On October 1st after the meeting ended, Jeff Ward, eButterfly regional expert for Florida, and four members of the Hairstreak NABA chapter (Dean and Sally Jue, Dave McElveen and Virginia Craig) hosted Max Larrivée and showed him the amazing butterfly diversity of Elinor Klapp-Phipps Park and two other Panhandle hotspots around Tallahassee. Dean and Sally Jue have been monitoring the Golden Banded Skipper population of E. K. Phipps Park for over a decade. This turned out to be another epic butterfly day both in the number of individuals recorded and their diversity with a combined effort of 40 species observed during the day. Max was treated to a few iconic southeastern butterflies such as the Southern Dogface, the Southern Pearly-Eye, the Southern Skipperling and the Laced-Winged Roadside Skipper. Other potential notable species that day for Max Larrivée, such as the Gemmed Satyr and the Great Purple Hairstreak, will be the motivation for a future visit!

Salt Marsh Skipper nectaring Christmasberry. Photo K.P. McFarland
Salt Marsh Skipper nectaring Christmasberry. Photo K.P. McFarland

Meanwhile Kent McFarland, visiting relatives on the Gulf Coast after the meeting, headed to the Withlacoochee State Forest Citrus Tract on a tip from Andy. With thunderstorms nearby, he was dazzled by a hike through pine savannah recording 17 species of butterflies and logging an eBird checklist too. A late afternoon stop on the coast at Fort Island Beach yielded Salt Marsh Skippers nectaring Christmasberry (and some cool birds for an eBird checklist too). A morning visit to Hammock Park in Dunedin turned up 9 species and a visit to Honeymoon Island a few more. Kent was delighted to watch a Polydamas Swallowtail laying eggs on pipevine at the Museum of Science and Industry butterfly garden outside of Tampa.

Overall, the team was able to record 67 species, add many checklists to eButterfly, and meet some great people. We can’t wait to visit again!

Polydamas Swallowtail (Battus polydamas) laying eggs on Pipevine. Photo K.P. McFarland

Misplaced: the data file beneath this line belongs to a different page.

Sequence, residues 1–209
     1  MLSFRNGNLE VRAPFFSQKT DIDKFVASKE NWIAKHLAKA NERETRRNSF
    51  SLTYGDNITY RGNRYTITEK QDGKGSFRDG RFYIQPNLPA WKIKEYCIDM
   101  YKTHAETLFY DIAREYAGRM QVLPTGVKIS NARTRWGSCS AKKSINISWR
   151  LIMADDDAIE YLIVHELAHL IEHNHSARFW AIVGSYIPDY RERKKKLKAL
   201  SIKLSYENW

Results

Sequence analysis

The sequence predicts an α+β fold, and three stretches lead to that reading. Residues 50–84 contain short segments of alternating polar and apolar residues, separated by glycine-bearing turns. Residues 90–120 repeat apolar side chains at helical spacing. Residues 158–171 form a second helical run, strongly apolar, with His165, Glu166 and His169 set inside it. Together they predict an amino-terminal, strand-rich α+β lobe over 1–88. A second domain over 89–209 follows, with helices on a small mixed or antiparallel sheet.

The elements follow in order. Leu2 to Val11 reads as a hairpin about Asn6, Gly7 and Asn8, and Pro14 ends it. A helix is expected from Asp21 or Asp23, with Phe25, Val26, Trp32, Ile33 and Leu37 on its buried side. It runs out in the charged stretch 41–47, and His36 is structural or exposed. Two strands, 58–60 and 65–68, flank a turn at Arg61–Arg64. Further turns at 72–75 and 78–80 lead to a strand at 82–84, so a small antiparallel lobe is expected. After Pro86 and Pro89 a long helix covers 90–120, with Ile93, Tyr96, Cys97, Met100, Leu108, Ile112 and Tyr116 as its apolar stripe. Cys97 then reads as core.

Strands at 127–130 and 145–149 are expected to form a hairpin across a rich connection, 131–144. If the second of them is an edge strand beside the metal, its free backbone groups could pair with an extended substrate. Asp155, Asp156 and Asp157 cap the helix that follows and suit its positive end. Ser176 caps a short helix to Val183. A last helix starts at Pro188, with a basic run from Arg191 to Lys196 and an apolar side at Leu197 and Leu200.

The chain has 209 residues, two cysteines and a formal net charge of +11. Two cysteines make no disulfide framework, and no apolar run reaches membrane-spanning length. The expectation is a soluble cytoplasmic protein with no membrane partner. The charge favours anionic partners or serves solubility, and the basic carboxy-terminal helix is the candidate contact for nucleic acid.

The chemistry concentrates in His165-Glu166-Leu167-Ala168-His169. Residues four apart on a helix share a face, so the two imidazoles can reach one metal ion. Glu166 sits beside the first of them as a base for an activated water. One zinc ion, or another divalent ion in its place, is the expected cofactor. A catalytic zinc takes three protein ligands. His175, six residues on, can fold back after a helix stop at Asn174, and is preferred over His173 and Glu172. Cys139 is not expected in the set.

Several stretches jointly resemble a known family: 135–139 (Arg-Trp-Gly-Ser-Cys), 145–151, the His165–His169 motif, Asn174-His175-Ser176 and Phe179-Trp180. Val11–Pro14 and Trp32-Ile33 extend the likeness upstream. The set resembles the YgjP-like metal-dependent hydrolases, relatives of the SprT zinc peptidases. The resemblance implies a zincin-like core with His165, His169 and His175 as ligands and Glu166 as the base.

Polydamas Swallowtail (Battus polydamas) laying eggs on Pipevine. Photo K.P. McFarland

Trip List

  1. Giant Swallowtail
  2. Eastern Tiger Swallowtail
  3. Palamedes Swallowtail
  4. Black Swallowtail
  5. Spicebush Swallowtail
  6. Zebra Swallowtail
  7. Pipevine Swallowtail
  8. Polydamas Swallowtail
  9. Great Southern White
  10. Sleepy Orange
  11. Little Yellow
  12. Southern Dogface
  13. Cloudless Sulphur
  14. Barred Yellow
  15. Red-banded Hairstreak
  16. Gray Hairstreak
  17. Cassius Blue
  18. Ceraunus Blue
  19. Little Metalmark
  20. American Lady
  21. White Peacock
  22. Common Buckeye
  23. Mangrove Buckeye
  24. Phaon Crescent
  25. Pearl Crescent
  26. Southern Pearly Eye
  27. Georgia Satyr
  28. Carolina Satyr
  29. Queen
  30. Monarch
  31. Gulf Fritillary
  32. Zebra Longwing
  33. Variegated Fritillary
  34. Viceroy
  35. Red-spotted Purple
  36. Tawny Emperor
  37. Lace-winged Roadside-Skipper
  38. Delaware Skipper
  39. Least Skipper
  40. Monk Skipper
  41. Sachem Skipper
  42. Arogos Skipper
  43. Loammi Skipper
  44. Brazilian Skipper
  45. Southern Skipperling
  46. Silver-spotted Skipper
  47. Horace’s Duskywing
  48. Zarucco Duskywing
  49. Palmetto Skipper
  50. Berry’s Skipper
  51. Dun Skipper
  52. Fiery Skipper
  53. Clouded Skipper
  54. Eufala Skipper
  55. Swarthy Skipper
  56. Twin-spot Skipper
  57. Ocola Skipper
  58. Aaron’s Skipper
  59. Zabulon Skipper
  60. Whirlabout
  61. Tropical Checkered-Skipper
  62. Dorantes Longtail
  63. Long-tailed Skipper
  64. Northern Broken-Dash
  65. Southern Broken-Dash
  66. Common/White checkered skipper
  67. Salt Marsh Skipper